Thursday 18 January 2018

Banking inquiry: Committee agrees not to publish David Drumm's statement

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Clodagh Sheehy

The Banking Inquiry has suspended the publication of a statement by former Anglo Irish Bank CEO David Drumm pending further discussions with the Director of Public Prosecutions.

The committee went into private session this morning to discuss further information from the DPP who had advised that the statement not be published.

It was agreed that  ​Mr Drumm's ​ statement would continue to be suspended until further discussion had taken place.

The issue first  arose yesterday morning when the DPP phoned the Inquiry about the scheduled publication of Mr Drumm’s formal statement later in the day.

It had been planned to publish the statement at the end of yesterday’s public session of the Inquiry.

Several members were frustrated by the late intervention of the DPP and referred to extensive media coverage of Mr Drumm’s statement over last weekend.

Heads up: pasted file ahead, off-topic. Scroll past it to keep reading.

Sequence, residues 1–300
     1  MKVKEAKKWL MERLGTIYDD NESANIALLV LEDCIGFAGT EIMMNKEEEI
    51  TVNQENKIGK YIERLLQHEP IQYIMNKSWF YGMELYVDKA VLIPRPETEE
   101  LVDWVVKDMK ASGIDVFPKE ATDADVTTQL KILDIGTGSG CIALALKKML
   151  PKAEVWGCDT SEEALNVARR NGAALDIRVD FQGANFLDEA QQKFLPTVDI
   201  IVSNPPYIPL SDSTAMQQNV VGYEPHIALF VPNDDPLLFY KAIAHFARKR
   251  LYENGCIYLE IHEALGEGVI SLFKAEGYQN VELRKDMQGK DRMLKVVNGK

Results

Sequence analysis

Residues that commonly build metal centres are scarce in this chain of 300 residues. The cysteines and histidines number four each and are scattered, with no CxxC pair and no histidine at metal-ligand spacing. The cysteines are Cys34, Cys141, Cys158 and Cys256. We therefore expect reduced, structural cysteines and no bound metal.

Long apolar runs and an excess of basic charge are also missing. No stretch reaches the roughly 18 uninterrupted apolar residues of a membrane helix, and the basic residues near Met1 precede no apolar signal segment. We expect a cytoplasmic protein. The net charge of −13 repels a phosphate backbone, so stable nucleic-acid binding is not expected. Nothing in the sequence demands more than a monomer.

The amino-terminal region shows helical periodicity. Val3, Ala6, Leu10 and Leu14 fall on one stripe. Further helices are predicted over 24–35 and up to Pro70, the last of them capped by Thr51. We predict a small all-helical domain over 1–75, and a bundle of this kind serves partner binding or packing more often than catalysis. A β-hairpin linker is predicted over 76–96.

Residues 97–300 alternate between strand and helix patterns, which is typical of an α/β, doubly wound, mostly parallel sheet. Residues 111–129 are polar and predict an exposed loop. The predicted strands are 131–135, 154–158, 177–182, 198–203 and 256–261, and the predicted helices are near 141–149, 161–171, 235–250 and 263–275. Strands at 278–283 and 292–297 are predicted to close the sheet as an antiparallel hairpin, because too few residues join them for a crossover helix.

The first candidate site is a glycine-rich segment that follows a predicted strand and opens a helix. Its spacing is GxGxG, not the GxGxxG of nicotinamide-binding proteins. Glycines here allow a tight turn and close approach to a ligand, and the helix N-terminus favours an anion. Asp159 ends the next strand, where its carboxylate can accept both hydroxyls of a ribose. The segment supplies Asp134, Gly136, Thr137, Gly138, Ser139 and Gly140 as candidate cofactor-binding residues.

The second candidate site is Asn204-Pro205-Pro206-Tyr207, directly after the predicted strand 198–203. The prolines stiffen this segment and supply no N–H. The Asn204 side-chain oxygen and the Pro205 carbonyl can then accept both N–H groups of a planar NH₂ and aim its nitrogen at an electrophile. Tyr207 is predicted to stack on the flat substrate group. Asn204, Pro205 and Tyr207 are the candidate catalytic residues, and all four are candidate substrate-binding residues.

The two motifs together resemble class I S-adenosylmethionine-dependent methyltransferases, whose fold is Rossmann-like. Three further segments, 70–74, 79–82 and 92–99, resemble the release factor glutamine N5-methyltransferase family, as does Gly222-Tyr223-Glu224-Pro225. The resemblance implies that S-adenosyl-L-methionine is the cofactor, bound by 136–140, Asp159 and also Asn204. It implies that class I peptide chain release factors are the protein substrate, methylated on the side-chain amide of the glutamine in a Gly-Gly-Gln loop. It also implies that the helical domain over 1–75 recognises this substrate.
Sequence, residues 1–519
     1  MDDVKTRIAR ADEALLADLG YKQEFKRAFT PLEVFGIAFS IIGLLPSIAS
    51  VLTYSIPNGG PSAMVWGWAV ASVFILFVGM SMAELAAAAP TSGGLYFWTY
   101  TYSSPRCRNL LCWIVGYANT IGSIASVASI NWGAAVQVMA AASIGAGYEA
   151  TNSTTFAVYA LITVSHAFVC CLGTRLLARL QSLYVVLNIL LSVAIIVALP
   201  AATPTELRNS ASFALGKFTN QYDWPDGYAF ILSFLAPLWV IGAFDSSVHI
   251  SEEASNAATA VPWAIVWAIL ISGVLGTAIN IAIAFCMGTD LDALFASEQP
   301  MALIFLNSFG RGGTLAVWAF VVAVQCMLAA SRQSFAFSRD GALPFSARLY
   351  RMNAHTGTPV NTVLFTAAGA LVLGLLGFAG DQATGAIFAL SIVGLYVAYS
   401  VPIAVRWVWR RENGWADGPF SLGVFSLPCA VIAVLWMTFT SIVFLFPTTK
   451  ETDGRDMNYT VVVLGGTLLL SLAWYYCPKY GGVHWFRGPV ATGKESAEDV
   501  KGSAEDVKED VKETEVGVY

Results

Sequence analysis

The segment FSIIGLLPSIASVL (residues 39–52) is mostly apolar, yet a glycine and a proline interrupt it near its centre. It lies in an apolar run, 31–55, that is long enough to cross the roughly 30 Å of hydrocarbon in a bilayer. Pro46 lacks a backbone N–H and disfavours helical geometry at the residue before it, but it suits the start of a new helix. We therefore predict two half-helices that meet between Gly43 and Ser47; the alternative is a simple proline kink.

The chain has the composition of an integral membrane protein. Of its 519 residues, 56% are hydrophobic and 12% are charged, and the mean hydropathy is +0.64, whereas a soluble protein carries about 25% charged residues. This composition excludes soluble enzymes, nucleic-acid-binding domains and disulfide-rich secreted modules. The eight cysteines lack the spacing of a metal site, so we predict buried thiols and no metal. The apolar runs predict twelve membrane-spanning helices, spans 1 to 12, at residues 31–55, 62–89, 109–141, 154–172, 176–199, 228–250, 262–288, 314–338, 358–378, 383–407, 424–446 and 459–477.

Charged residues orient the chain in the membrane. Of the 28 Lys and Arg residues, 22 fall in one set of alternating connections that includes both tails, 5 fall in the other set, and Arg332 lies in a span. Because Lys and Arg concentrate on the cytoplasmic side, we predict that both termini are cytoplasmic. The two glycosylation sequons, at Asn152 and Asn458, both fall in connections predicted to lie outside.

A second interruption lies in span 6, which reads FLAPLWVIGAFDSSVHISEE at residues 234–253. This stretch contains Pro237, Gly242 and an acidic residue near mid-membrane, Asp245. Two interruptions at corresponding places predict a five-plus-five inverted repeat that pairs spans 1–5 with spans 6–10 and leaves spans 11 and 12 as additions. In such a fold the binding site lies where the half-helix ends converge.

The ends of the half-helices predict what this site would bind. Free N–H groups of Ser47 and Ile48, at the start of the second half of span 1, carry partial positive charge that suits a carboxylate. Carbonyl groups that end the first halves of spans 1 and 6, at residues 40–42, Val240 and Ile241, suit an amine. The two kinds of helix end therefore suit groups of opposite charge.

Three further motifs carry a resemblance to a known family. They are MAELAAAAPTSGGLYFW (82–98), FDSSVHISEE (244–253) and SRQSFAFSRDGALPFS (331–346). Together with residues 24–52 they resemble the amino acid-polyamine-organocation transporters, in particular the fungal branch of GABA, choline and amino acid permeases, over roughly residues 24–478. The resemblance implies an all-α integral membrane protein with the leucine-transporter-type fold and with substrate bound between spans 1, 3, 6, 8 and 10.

It was  decided to ask the DPP for written advice on the issue so this could be put to the Inquiry’s own team of legal advisors.

Mr Drumm’s statement had been received several weeks ago along with an offer to appear by video link at the Inquiry from his home in the States to answer questions.

The video link offer was formally rejected after both the Inquiry legal team and the DPP advised against it.

The proposal to use the video link caused a storm within the committee and two members - Michael McGrath (FF) and Eoghan Murphy (FG) -threatened to have no part in the event.

Mr Drumm’s written statement was accepted and people mentioned in the statement were informed about its content.

These included former Taoiseach Brian Cowen, former Financial Regulator Patrick Neary and former non-executive Anglo Irish Bank director Fintan Drury.

It is understood that a reference in Mr Drumm’s statement about an Anglo Board dinner on April 24 2008 is at variance with Mr Cowen’s evidence to the Inquiry.  Mr Cowen attended the dinner.

Mr Cowen told the committee no business was discussed and it was a purely social occasion.

It is believed Mr Drumm claimed in his statement that bank funding issues were discussed between the two, and in particular the decision by the National Treasury Management Agency not to place funds on deposit with Anglo at that time.

The DPP raised concerns about the publication of Mr Drumm’s witness statement on the grounds that it might prejudice criminal proceedings.

Mr Drumm moved to the States in mid 2009 and since then has refused to return to Ireland to answer questions.

Irish Independent

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